Misrata eyewitness: 'Waiting for the onslaught'
Pro-Gaddafi forces have been battling to regain control of rebel-held towns, pounding Zawiya to the west of Tripoli. Mohammed lives in Misrata, to the east of the Libyan capital, and says he is a member of the civilian body that runs the town. He told the BBC about the mood there.
"It is very tense and people are feeling very emotional in Misrata.
We believe that Gaddafi's forces are gathering to the west and we are waiting for another onslaught from the dictator.
We are licking our wounds and preparing our defences, gathering whatever weapons we have. During the last attack we captured four Jeeps and two Land Cruisers with mounted machine-guns.
There is some sense of normality but things are not what you would call normal.
Some shops are open, but most are closed. I am standing outside now and I can see that most of the streets are empty. There is a shop to my right-hand side that is open. Earlier I saw a bakery open with a long queue of some 100 people.
At least we can buy bread and vegetables. But even then grocery stores are only open for two or three hours a day. I have seen many empty shelves in shops. Businesses are not functioning. Schools are shut.
The big problem is lack of medical supplies. I've seen operations done without anaesthetics. I come away from visits to the hospital with tears in my eyes.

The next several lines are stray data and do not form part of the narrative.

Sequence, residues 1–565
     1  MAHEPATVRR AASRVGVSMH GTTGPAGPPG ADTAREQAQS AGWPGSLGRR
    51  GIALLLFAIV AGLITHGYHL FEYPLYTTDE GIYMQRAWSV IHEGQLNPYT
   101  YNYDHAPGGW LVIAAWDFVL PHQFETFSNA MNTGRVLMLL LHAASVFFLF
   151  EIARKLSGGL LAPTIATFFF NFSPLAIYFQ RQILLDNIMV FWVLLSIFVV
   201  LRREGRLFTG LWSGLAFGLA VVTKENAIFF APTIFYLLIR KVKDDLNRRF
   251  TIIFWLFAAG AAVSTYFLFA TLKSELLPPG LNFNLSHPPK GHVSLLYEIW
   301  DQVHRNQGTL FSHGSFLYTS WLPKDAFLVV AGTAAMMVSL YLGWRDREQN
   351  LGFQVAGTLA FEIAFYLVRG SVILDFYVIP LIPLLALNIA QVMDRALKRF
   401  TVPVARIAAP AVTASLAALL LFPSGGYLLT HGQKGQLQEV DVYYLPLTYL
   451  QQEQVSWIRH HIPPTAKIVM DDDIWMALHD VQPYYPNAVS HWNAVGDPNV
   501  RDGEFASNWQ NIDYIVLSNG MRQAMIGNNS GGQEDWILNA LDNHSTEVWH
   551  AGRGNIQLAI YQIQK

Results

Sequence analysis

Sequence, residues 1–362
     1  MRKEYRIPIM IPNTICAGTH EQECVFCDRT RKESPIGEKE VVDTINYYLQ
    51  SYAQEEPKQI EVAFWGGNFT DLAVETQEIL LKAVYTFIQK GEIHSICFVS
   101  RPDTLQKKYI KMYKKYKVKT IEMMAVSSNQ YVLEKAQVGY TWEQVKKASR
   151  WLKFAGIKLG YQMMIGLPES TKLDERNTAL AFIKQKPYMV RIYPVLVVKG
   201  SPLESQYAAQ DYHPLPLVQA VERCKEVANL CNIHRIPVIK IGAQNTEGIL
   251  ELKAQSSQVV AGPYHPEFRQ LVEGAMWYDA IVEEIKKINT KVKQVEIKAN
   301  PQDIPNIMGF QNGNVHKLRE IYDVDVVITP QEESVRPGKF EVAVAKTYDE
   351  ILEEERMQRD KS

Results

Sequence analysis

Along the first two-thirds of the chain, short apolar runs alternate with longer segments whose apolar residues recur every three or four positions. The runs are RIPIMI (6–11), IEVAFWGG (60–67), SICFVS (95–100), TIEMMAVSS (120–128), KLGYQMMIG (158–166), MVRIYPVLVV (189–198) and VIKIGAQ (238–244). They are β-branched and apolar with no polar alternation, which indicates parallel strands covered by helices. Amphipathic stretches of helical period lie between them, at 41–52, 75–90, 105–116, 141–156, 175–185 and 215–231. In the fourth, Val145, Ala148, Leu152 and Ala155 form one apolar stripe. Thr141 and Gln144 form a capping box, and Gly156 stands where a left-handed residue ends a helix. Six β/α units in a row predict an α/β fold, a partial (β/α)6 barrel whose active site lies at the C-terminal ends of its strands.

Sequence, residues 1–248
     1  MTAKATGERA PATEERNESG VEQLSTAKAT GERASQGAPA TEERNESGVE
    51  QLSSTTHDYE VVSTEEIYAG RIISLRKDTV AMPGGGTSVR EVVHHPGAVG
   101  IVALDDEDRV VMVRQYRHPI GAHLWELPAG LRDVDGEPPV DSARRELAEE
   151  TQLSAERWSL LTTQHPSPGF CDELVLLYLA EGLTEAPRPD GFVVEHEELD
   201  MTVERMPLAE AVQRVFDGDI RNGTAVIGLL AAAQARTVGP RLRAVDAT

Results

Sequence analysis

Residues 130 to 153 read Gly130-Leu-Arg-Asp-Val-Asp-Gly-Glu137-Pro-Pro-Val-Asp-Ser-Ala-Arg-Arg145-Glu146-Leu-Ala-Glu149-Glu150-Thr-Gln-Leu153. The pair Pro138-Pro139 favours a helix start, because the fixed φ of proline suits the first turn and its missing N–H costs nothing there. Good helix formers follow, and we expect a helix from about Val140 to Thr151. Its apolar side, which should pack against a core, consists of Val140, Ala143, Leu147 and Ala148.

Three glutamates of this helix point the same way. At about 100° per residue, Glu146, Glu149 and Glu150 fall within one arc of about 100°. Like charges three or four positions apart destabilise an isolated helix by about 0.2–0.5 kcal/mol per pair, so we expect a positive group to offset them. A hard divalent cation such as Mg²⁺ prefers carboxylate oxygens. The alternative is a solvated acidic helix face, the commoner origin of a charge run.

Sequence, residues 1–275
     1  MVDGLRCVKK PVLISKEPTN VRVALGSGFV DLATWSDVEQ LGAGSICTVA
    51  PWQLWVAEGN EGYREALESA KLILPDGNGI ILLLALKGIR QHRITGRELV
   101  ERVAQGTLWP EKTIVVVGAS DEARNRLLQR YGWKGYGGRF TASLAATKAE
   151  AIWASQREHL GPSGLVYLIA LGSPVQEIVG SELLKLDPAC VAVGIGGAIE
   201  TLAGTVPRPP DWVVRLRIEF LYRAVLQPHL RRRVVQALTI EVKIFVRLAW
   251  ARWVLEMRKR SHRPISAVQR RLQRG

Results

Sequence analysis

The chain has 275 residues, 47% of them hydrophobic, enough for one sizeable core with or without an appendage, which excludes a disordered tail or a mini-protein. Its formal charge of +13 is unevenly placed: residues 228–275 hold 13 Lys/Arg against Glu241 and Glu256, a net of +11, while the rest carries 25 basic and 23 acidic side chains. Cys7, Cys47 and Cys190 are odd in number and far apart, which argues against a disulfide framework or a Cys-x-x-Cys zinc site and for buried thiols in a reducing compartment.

I am part of the civilian body that runs Misrata. We have nine special committees covering areas such as defence and health. There are difficulties in running the town - for example our supply line to other towns has been cut off.
What is helping is that people are so co-operative and compassionate.
Anxious but determined
The town is safe, there is no looting. The young people have set up groups to protect the property in their neighbourhood. Some of them set up a roadblock to protect my home.
People are concerned and anxious - we hear all kinds of rumours about Gaddafi's forces. You can imagine how that makes people feel. But the people of the town are very determined to hold it.
If this situation drags on things will get very hard.
I'm bitterly disappointed about the response from the world community. Are people waiting for a great catastrophe before they act? We need a no-fly zone - you have seen what Gaddafi's jets have already done.
In Misrata we are crying out for medical supplies. We have a port in Misrata and we can pay for supplies.
The dictator has the military power but we have faith and belief and determination, the likes of which I have never seen before. I'm proud that the Libyan people are putting their lives on the line and are prepared to die for freedom."